The Rockies' pitchers have not been affected by a change in venue. They have allowed 4.51 runs a game at Coors Field and 4.38 on the road.

Yet the Rockies' lineup is transformed from Murderer's Row to a middle-of-the-pack Little League team once they put on the gray uniforms. It happened again Thursday night, as the Rockies struck out seven times in the first three innings against James McDonald, who was making his Pirates debut after being acquired from the Dodgers in a trade last Saturday.

"It's hard to explain," Gonzalez said. "I wish I had the answer. We all wish we knew the answer. "This road trip is very important for us. We need to start playing better on the road because that's what's going to make the difference. It's up to us. We've got to start winning on the road and we've got to start doing it now. It's not like it's Opening Day and we've got a lot of games left."

The beauty of Ozzie Guillen is that he often says things that other people think but are afraid to say. That was case again when the White Sox manager said he thought it was unfair that major-league clubs routinely provide translators to players from Asian countries but don't do the same for those from Latin America. Latino players have chafed about the situation privately for years, but Guillen was the first one to address it in such a public way.

The White Sox didn't have Guillen's back on the matter, though. The organization issued a strong statement that distanced it from his comments. While Guillen won't back down from his comments, he does believe they weren't portrayed in the proper context.

"I wish everything was out there, all the people would get it from the beginning," Guillen said. "Don't put it out there— pick one thing here and one thing there—and pick what you think that the people want to hear and put it on TV and hear what they have to say. I respect that, too. But you pick the context from the beginning of the conversation, and it's the total opposite of what I say."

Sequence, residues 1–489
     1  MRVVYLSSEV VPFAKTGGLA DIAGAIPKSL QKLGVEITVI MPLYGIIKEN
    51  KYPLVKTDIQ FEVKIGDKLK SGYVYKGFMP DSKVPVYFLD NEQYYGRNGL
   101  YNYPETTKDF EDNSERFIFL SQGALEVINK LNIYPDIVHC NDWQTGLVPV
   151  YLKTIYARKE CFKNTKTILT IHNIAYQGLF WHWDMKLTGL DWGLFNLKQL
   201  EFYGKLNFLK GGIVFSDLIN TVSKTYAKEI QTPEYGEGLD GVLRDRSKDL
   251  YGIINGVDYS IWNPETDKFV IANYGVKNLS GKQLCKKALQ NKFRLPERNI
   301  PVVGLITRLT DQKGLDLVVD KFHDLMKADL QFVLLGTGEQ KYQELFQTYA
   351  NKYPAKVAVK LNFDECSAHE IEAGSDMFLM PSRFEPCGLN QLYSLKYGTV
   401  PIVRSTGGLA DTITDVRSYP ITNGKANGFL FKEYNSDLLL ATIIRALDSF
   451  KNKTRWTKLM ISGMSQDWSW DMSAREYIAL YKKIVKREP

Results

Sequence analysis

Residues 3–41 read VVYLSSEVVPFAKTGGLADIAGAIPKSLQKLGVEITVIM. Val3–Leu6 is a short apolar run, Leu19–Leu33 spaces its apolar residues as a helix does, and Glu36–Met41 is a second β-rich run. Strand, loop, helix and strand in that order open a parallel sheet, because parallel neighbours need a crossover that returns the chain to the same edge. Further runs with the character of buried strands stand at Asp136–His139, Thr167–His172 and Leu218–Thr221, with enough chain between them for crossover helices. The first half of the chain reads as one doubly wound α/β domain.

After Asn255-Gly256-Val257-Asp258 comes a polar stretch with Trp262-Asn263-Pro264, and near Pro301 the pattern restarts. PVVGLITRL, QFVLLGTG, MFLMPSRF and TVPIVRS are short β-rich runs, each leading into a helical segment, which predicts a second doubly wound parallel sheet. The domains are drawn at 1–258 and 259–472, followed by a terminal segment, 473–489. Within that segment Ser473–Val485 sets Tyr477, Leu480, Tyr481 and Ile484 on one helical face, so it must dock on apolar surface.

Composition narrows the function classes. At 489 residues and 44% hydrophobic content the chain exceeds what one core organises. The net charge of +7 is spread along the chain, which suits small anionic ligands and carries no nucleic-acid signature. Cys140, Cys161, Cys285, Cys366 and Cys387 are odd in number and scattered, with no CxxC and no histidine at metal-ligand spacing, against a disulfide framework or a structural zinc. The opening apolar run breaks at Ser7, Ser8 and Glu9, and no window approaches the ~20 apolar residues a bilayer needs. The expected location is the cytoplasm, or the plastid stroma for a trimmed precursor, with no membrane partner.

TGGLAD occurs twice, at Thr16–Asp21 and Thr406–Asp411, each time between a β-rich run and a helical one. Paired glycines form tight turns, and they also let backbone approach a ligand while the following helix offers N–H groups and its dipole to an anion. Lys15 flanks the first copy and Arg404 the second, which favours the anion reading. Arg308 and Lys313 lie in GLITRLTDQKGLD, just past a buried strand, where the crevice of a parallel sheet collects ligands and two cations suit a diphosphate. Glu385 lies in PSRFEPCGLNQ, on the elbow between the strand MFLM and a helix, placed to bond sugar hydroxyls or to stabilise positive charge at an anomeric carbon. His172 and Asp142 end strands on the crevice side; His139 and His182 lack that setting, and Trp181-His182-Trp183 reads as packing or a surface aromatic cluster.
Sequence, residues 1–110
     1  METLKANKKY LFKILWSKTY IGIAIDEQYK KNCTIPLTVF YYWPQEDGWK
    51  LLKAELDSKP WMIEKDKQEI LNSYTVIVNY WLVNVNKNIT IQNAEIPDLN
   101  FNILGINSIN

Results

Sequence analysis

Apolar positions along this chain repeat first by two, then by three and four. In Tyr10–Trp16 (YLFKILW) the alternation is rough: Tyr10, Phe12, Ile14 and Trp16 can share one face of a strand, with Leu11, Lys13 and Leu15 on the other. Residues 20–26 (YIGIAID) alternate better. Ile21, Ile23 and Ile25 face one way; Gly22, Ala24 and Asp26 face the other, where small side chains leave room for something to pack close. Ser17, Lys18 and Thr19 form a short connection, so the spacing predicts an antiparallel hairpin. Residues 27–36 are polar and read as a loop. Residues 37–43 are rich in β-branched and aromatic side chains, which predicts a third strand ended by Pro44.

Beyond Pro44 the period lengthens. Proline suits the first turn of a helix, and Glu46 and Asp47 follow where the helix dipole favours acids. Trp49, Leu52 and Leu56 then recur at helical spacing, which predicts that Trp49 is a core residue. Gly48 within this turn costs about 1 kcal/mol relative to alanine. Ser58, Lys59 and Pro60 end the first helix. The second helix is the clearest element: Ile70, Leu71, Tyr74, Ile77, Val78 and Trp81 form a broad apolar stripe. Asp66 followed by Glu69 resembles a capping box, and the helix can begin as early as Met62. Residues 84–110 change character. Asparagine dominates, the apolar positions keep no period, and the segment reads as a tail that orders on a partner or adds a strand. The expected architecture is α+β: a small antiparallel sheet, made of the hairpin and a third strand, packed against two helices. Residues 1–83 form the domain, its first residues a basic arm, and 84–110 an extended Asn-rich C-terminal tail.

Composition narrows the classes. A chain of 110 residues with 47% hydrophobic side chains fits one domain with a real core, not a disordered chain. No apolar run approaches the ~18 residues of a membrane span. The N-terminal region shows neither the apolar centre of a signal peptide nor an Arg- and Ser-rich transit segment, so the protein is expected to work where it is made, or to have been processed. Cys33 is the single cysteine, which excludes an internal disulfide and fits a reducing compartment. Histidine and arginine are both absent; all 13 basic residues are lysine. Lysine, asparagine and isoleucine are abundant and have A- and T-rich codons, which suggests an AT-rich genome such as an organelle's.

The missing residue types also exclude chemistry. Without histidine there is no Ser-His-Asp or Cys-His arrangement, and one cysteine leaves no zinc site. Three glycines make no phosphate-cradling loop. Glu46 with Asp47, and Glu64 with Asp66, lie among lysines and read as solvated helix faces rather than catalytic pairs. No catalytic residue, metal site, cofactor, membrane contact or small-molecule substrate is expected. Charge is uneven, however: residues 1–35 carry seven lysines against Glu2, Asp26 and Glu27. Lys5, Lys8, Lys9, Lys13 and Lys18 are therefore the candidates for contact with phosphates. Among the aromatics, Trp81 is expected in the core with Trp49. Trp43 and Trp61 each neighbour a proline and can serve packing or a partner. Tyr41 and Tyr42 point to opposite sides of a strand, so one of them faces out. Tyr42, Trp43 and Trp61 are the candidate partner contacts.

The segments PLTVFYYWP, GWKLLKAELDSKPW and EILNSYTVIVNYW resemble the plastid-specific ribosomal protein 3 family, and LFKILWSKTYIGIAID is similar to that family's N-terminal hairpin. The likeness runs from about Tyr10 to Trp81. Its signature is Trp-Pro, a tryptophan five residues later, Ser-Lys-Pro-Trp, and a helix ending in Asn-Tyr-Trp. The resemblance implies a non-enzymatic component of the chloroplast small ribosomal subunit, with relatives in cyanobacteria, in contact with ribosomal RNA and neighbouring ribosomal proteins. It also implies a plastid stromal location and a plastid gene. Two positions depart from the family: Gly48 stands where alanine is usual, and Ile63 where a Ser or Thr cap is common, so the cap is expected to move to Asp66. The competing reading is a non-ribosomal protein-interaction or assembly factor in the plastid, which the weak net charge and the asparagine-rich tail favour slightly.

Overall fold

The topic originally came up when Guillen was asked about the adjustments rookie third baseman Dayan Viciedo has had to make to assimilate into American culture after defecting from Cuba as a 19-year-old in 2008.

"When I talked about Viciedo, I said it's not easy to come here and be a player from Cuba," Guillen said. "And sometimes I hear some statement about some guy from ESPN, I will see him face to face, saying he talked to a few baseball executives and say it's more difficult for Japanese players to come here. I don't say that. I don't say it was tough, easier, harder. When a Japanese player is done playing in Major League Baseball, they go back to their country and enjoy their life. When the Cuban players go to this country, I don't think they can go back to their country and see their family. That man is wrong."

Guillen said he explained the context of his comments when he talked to White Sox general manager Ken Williams.

"I told Kenny everything that happened and he was fine," Guillen said.